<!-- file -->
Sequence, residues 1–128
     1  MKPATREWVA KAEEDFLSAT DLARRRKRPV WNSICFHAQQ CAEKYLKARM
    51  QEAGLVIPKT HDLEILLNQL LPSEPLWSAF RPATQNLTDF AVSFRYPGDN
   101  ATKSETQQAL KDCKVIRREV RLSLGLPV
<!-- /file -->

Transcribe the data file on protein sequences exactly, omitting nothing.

Sequence, residues 1–128
     1  MKPATREWVA KAEEDFLSAT DLARRRKRPV WNSICFHAQQ CAEKYLKARM
    51  QEAGLVIPKT HDLEILLNQL LPSEPLWSAF RPATQNLTDF AVSFRYPGDN
   101  ATKSETQQAL KDCKVIRREV RLSLGLPV